5. My dad had a border collie that lived to seventeen or so, fed mostly on table scraps. They did a lot of 'leftover potato, bread, rice, vegetables, with meat scraps and gravy' stuff. All cooked.
  6. Not in the same league as these stories at all. In fact, I am a little ashamed of telling it. But I have a dog who is elderly now and has always been (rightly) afraid of cattle. I got home one day, when she was young, and the cantankerous bullock was out. Not dangerous like the others mentioned here, 'hell bent on killing' or anything, but a bit aggressive. Now, it was around the time of day when all the little kids would be coming down the road on foot to come home from school this way. No-one was around to help me. So I opened the door and the dog rushed out to greet me and got recruited. This isn't a collie. This is a small terrier, westie or scottie sized if you can picture it. I picked up my bag, she came with me, and between us we got the bullock back in. She did most of the work- she got it by the nose and ended up bearing the brunt of the attempts at squishing, headbutting, kicking etc.* Once it was in she waited while I fixed that part of the fence. I don't owe my life to her. But because I could count on her, we managed to avoid a large animal-small children situation that could have potentially gone badly, and managed to do a job that I couldn't have done by myself. And she faced up to something she was terrified of, and did various things I asked her to despite that fear. And then people ask why I let the now smelly, elderly dog on my lap. Or talk about how they don't like small useless dogs. You can see why people would have had 'useful' dogs for cattle or sheep well before there was any selection for ability in that area- and how that selection might have got started. *She dodged them, though, fortunately, without being hurt.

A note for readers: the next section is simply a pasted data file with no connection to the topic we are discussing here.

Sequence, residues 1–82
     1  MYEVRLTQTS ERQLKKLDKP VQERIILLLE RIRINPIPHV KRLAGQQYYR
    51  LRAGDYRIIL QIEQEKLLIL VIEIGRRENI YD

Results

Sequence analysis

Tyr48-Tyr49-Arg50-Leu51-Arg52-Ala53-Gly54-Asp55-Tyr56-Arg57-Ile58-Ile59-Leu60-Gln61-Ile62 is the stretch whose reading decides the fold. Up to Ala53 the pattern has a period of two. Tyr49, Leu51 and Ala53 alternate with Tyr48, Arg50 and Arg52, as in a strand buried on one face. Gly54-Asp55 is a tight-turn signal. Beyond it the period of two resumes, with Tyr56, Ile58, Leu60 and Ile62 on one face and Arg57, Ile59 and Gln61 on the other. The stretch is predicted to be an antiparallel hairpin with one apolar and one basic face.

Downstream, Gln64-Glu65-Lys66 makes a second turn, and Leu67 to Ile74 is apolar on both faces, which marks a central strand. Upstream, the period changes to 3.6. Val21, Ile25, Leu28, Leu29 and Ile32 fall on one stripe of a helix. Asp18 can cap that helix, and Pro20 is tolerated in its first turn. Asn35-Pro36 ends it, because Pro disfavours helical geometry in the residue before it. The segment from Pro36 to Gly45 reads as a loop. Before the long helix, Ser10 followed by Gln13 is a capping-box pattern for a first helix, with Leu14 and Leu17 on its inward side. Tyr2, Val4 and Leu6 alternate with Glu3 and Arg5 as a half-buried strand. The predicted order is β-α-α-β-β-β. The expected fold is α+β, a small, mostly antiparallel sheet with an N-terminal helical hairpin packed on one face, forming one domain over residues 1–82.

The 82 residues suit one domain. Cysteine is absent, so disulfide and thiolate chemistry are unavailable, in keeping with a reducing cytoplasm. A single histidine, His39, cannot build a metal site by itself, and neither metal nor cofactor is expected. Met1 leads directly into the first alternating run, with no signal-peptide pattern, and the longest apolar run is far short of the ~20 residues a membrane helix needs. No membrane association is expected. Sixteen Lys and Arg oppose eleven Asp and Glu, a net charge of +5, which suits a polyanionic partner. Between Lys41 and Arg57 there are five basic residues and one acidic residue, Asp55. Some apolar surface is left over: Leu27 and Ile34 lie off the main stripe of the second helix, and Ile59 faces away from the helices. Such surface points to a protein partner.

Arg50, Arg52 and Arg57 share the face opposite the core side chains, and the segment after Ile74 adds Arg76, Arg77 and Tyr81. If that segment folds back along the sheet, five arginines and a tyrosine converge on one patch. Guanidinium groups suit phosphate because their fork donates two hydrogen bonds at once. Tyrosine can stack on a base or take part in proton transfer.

7. Simultaneously chagrined at not having read the comments before posting, and somewhat smug at being shown to be right. Edit: I mean, chagrin is winning, but...
  8. Well said, GCV-Border. Wanna bet this, too, will be blamed on vaccines and kibble? I doubt the vaccination rates have risen so drastically in that short a space of time. It reminds me of those breeders who will send a dog home with a particular supplement and a particular food that they will recommend- so if any problems crop up the breeder can decide they must not have appropriately adhered to the regimen. The more cases of cancer or whatever crop up, the more the breeder is reinforced in the idea that it's not their breeding, it's the irresponsible owners. So they don't have any reason to change their breeding practices. Some kind of excuse like that will be used as a response to this. 11 years for a labrador is atrocious. I mean, mine is nearly 14 (?ish) and that's still way too short. It's not like she's particularly well-bred either, quite the opposite. Anyone remember that survey that found that there was no difference in health problems in Scotties between show-bred, pet-store, and byb dogs? Now, not saying that those results must be applicable across all breeds. But if this is what we are seeing with the responsible breeders that will take the trouble to answer this kind of survey, it suggests at least that the system is not going to produce healthier dogs, is not geared towards producing that.
  9. Yup, I have argued this before. And in this instance this means that if the dog is moved down (presumably) to that level then it will still not be being fed too little, and will be gradually moved down as the titration process happens. Means that in practice you get a gradual reduction of food. Important to remember too that once the dog is at their ideal weight, it will take less food to maintain them at that ideal weight than it would if they had always been at that weight and never were overweight. So you might need to feed less than you think.